2008 Volume 23 Issue 4 Pages 269-276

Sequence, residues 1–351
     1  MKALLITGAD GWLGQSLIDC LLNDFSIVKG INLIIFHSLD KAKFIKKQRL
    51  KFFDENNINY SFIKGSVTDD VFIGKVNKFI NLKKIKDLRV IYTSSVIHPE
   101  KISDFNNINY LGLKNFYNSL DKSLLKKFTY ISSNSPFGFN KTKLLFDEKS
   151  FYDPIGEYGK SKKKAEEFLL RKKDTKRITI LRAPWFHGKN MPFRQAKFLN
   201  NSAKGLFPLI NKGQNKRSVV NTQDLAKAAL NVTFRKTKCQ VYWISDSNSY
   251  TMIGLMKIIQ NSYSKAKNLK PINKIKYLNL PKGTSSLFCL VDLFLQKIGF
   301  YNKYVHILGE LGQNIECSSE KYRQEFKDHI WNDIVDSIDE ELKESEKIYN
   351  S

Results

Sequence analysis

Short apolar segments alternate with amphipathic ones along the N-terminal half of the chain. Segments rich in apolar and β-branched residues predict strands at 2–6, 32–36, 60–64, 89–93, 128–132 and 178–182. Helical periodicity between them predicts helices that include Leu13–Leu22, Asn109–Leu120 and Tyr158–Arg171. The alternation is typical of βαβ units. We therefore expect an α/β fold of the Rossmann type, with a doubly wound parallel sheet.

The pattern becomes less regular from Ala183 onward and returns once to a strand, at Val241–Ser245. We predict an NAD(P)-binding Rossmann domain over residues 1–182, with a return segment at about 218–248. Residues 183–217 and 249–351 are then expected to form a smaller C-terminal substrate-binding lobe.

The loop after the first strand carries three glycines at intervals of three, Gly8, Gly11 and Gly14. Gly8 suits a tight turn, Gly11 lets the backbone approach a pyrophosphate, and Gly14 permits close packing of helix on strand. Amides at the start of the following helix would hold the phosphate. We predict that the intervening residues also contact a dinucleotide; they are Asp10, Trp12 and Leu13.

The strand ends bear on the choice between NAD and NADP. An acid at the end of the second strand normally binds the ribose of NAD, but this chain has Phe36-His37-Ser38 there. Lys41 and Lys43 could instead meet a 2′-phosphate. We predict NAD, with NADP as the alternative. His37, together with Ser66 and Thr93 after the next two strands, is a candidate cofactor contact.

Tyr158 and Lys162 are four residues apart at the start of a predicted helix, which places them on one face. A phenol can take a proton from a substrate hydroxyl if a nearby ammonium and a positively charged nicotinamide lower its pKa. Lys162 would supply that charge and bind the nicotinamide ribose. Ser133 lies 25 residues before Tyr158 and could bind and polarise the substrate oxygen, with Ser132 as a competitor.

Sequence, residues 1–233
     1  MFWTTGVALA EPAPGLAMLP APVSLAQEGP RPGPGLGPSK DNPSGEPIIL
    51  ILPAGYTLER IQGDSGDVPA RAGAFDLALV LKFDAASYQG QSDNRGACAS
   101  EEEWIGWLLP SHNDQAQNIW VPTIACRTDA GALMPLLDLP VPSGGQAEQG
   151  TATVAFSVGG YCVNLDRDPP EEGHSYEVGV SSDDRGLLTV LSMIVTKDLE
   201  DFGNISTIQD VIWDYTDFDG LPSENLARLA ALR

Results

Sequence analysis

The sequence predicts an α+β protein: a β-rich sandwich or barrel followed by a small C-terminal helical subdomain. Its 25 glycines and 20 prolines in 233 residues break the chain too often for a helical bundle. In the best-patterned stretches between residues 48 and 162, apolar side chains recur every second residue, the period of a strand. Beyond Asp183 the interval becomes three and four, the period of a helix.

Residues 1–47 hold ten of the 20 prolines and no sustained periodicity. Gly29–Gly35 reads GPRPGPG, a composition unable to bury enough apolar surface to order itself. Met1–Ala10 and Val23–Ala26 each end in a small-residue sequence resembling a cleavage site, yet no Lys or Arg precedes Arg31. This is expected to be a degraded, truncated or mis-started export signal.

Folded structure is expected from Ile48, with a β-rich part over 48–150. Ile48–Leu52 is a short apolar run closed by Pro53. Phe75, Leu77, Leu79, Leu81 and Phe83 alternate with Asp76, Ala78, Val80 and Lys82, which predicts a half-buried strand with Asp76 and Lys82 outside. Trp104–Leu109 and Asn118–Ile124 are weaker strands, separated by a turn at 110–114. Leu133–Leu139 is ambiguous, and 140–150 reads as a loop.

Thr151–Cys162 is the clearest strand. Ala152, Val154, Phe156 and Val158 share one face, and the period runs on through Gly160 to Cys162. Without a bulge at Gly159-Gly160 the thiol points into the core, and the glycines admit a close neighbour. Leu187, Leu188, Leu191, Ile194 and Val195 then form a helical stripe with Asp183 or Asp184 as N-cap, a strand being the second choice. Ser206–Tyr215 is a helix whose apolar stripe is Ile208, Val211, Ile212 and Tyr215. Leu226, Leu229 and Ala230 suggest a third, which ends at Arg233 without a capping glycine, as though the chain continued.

Iodine is an essential trace element for humans and animals because of its important role as a constituent of thyroid hormones. If the anthropogenic iodine-129 (129I, half-life: 1.6×107 years), which is released from nuclear facilities into the environment and has a long half-life, participates in the biogeochemical cycling of iodine, it potentially accumulates in the human thyroid gland and might cause thyroid cancer. Therefore, it is necessary to obtain better information on the behavior of iodine in the environment for accurate safety assessments of 129I. Major pathways of iodine cycling are the volatilization of organic iodine compounds into the atmosphere, accumulation of iodine in living organisms, oxidation and reduction of inorganic iodine species, and sorption of iodine by soils and sediments. Considerable geochemical evidence has indicated that these processes are influenced or controlled by microbial activities, although the precise mechanisms involved are still unclear. This review summarizes current knowledge on interactions between microorganisms and iodine, with special emphasis on newly isolated bacteria possibly contributing to the cycling of iodine on a global scale.